Increasing robustness of indirect drive capsule designs against short wavelength hydrodynamic instabilities

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Target designs are described that are meant to achieve ignition on the National Ignition Facility. Simulations of recent indirect drive cryogenic capsule designs indicate dramatically reduced growth of short wavelength hydrodynamic instabilities, resulting from two changes in the designs. First, better optimization results from systematic mapping of the ignition target performance over the parameter space of ablator and DT-ice thickness combinations, using techniques developed by one of us (Herrmann). After the space is mapped with one-dimensional simulations, exploration of it with two-dimensional simulations quantifies the dependence of instability growth on target dimensions. Low modes and high modes grow differently in ... continued below

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Haan, S W; Herrmann, M C; Dittrich, T R; Fetterman, A J; Marinak, M M; Munro, D et al. November 12, 2004.

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Target designs are described that are meant to achieve ignition on the National Ignition Facility. Simulations of recent indirect drive cryogenic capsule designs indicate dramatically reduced growth of short wavelength hydrodynamic instabilities, resulting from two changes in the designs. First, better optimization results from systematic mapping of the ignition target performance over the parameter space of ablator and DT-ice thickness combinations, using techniques developed by one of us (Herrmann). After the space is mapped with one-dimensional simulations, exploration of it with two-dimensional simulations quantifies the dependence of instability growth on target dimensions. Low modes and high modes grow differently in different regions of the space, allowing a trade-off of the two regimes of growth. Significant improvement in high-mode stability can be achieved, relative to previous designs, with only insignificant increase in low-mode growth. This procedure produces capsule designs that, in simulations, tolerate several times the surface roughness that could be tolerated by capsules optimized by older more heuristic techniques. Another significant reduction in instability growth, by another factor of several, is achieved with ablators with 'graded dopants.' In this type of capsule the mid-Z dopant, which is needed in the ablator to minimize x-ray preheat at the ablator-ice interface, is optimally positioned within the ablator. A fabrication scenario for graded dopants already exists, using sputter coating to fabricate the ablator shell. We describe the systematics of these advances in capsule design, discuss the basis behind their improved performance, and summarize how this is affecting our plans for NIF ignition.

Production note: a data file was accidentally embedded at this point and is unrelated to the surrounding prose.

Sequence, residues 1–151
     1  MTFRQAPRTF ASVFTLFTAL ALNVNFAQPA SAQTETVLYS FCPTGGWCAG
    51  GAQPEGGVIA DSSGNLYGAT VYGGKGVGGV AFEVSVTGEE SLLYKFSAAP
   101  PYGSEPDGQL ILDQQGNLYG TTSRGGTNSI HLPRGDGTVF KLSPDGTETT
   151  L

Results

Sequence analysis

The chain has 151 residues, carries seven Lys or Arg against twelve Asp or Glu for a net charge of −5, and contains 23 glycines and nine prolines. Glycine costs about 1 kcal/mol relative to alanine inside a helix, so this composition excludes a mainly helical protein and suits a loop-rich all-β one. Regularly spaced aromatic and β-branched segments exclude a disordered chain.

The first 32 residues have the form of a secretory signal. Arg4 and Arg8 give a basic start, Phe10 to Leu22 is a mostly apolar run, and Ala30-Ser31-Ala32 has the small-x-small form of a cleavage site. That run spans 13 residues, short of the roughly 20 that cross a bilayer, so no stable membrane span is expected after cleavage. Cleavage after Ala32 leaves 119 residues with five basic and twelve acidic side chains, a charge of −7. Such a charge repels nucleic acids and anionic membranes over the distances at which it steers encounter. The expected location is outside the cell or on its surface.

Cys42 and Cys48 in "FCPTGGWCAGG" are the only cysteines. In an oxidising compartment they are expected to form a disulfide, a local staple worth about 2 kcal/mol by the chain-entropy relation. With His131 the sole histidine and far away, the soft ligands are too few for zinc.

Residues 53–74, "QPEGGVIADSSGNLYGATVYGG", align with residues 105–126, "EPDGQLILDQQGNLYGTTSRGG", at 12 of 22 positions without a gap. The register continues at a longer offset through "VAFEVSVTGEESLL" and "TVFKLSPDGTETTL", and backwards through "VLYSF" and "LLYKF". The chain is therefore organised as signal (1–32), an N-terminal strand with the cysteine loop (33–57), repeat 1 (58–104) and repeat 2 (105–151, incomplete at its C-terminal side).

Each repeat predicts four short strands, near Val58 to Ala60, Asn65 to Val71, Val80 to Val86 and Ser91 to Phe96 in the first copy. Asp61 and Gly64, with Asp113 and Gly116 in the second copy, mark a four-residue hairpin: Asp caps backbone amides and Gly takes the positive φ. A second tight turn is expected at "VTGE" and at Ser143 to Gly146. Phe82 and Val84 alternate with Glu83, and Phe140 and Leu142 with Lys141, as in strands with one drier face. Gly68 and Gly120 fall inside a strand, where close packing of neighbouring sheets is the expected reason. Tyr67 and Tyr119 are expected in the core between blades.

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PDF-file: 24 pages; size: 2 Mbytes

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  • Journal Name: Physics of Plasmas, vol. 12, no. 5, May 17, 2005, pp. 056316-1 to -8; Journal Volume: 12; Journal Issue: 5

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  • Report No.: UCRL-JRNL-208406
  • Grant Number: W-7405-ENG-48
  • Office of Scientific & Technical Information Report Number: 985490
  • Archival Resource Key: ark:/67531/metadc1014799

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Reports, articles and other documents harvested from the Office of Scientific and Technical Information.

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  • November 12, 2004

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  • Oct. 14, 2017, 8:36 a.m.

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  • Oct. 27, 2017, 5:36 p.m.

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Haan, S W; Herrmann, M C; Dittrich, T R; Fetterman, A J; Marinak, M M; Munro, D et al. Increasing robustness of indirect drive capsule designs against short wavelength hydrodynamic instabilities, article, November 12, 2004; Livermore, California. (digital.library.unt.edu/ark:/67531/metadc1014799/: accessed December 14, 2017), University of North Texas Libraries, Digital Library, digital.library.unt.edu; crediting UNT Libraries Government Documents Department.